During his All-Star address in New Orleans last month, new NBA commissioner Adam Silver let it be known that the old way of doing things would not necessarily be his way. A lot went right during David Stern's 30 years in the cockpit, but Silver couldn't have been clearer: Just because we've always followed a certain flight pattern doesn't mean we'll blissfully continue in the same direction for the next 30 years.
Everyone involved in the NBA's $5 billion business seems to sense Silver's openness to change. Maybe it's a feeling among Silver's various constituents that the new boss is more open-minded than the old boss. Perhaps there's a natural desire to test the new leader. Whatever it is, there's been more public dialogue about what should change about how the NBA conducts its business in the first month of Silver's commissionership than there was in the previous decade or more under Stern.
In truth, it began before Stern's handoff to Silver even became official. A few months ago, for example, the idea of scrapping the draft lottery and replacing it with a predetermined draft wheel was floated. Recently, people took too seriously what was essentially a hypothetical discussion about what a 4-point line would look like in the NBA.
How many of these new concepts actually get adopted -- if any -- remains to be seen. But it's clear that, with a new commissioner and deputy commissioner, Mark Tatum, the seeds for change and taking a fresh look have been planted.
"David always looked at stuff, too," Mavericks owner Mark Cuban said recently. "At least in my experience, there was only one topic he was close-minded on and he was open-minded on everything else."
The close-minded topic, of course, was Cuban's long list of fines for publicly criticizing the officials. There's no sign, by the way, that Silver will be any less heavy-handed when it comes to that. Beyond that holy grail, though, the perception is that everything is up for discussion.
"I don't think that's necessarily a change, but Adam will use his approach to deal with it," Cuban said. "There will be some things that David was better at and there will be some things that Adam is better at."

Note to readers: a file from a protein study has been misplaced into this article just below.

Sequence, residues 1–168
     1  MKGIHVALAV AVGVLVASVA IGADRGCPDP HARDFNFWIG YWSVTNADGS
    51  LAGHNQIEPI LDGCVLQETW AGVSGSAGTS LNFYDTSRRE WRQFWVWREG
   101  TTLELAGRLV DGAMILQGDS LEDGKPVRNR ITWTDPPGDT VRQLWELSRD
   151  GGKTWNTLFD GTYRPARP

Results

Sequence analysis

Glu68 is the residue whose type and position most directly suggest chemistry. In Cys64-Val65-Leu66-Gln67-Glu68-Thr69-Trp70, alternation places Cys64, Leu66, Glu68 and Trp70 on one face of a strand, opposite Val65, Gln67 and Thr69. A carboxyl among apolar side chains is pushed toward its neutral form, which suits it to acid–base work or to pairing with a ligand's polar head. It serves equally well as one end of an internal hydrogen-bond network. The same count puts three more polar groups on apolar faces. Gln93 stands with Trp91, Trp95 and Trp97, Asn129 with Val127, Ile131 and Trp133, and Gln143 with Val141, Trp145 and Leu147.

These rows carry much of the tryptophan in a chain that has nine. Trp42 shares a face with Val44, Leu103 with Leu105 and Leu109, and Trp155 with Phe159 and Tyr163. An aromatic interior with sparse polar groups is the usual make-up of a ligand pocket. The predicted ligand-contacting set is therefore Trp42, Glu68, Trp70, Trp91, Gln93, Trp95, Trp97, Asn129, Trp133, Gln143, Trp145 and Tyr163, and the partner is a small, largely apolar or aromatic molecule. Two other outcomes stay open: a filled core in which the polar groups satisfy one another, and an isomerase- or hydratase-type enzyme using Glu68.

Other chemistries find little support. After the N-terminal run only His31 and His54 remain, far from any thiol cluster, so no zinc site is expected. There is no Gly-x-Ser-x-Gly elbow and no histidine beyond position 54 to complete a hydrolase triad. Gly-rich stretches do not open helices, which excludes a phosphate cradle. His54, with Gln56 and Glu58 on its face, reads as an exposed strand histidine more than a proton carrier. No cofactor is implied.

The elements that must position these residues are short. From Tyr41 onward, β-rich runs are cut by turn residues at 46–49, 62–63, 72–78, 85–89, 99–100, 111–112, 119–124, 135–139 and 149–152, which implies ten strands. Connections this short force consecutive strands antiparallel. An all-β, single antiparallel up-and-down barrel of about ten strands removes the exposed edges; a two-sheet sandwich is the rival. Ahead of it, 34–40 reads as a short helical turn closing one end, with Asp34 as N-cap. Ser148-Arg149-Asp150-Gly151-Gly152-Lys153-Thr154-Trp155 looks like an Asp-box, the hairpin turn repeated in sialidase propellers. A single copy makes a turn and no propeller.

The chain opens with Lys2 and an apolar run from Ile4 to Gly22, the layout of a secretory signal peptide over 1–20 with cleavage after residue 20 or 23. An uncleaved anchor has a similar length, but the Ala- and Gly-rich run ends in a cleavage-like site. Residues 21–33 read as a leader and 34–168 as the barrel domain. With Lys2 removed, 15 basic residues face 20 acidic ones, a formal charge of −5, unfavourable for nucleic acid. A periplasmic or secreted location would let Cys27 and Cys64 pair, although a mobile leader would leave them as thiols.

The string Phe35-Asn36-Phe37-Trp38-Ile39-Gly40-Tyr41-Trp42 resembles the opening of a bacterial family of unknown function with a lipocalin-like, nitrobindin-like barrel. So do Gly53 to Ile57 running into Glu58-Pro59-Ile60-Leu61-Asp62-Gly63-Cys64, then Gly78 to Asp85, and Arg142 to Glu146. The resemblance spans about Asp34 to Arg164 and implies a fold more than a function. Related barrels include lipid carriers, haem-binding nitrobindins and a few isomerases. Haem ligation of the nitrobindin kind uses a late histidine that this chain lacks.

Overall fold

Given Silver's stated openness to change and all the public dialogue about taking a fresh look, we already have enough evidence to set forth the five most pressing agenda items for the new commissioner in the coming months:
The one-and-done rule
Silver, as the lead negotiator for the owners on the 2011 collective bargaining agreement, pushed for an increase in draft eligibility to two years beyond high school graduation and 20 years old from its current one year and 19 years old. The issue was put off for another day along with other so-called "B-list issues" that still have not been addressed.
During his All-Star address, Silver said, "It is my belief that if players have an opportunity to mature as players and as people, for a longer amount of time before they come into the league, it will lead to a better league."
It will lead to better college basketball, too. One of Silver's greatest strengths is his ability to see beyond the silos of the NBA, NCAA, FIBA and AAU. Bridging the gap between the league, the players' association and the NCAA on the age limit will be one of his biggest challenges -- but one he must tackle sooner than later.
At All-Star weekend, Silver feigned ignorance to the notion that teams would make spending and competitive decisions based on their desire to maximize draft picks as assets for rebuilding. He oversimplified the idea of tanking by describing it as "losing games on purpose. And there's absolutely no evidence that any team in the NBA has ever lost a single game, or certainly in any time that I've been in the league, on purpose."
Then, Silver hit the nail on the head: "What you're referring to, I think, is rebuilding."
Bingo. It's time to acknowledge that tanking happens, and that in the context of an overall plan to build a competitive team on a specific timetable, there's nothing wrong with it. If the CBA ultimately works as well as Silver believes it will, then the rebuilding valleys will be shorter and more shallow as teams take advantage of tools that were designed to spur quicker roster turnover. What did half the teams in the league do during the 2009-10 season? They tanked, but nobody called it that; they called it "clearing cap space for LeBron." The Lakers are tanking now, but nobody's calling them on it. The Knicks aren't tanking; they're just inept.